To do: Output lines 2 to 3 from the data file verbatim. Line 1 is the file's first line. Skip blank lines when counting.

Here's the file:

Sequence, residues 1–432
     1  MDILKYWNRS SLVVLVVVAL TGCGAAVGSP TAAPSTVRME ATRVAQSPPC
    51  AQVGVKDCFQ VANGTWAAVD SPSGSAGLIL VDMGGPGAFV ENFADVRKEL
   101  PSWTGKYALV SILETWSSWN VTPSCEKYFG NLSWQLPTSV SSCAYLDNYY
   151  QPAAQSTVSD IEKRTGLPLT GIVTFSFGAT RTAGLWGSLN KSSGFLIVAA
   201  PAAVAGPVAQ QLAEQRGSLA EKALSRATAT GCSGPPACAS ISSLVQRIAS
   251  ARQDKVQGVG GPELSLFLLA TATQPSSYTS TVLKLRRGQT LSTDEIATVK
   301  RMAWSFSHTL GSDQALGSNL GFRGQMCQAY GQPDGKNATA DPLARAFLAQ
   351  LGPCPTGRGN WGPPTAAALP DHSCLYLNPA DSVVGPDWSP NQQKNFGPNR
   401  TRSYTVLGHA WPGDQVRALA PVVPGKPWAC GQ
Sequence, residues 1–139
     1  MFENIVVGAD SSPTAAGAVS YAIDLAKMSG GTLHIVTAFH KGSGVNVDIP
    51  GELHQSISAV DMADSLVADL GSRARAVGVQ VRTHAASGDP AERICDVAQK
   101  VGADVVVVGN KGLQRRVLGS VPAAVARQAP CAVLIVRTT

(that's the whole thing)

     1  MDILKYWNRS SLVVLVVVAL TGCGAAVGSP TAAPSTVRME ATRVAQSPPC
    51  AQVGVKDCFQ VANGTWAAVD SPSGSAGLIL VDMGGPGAFV ENFADVRKEL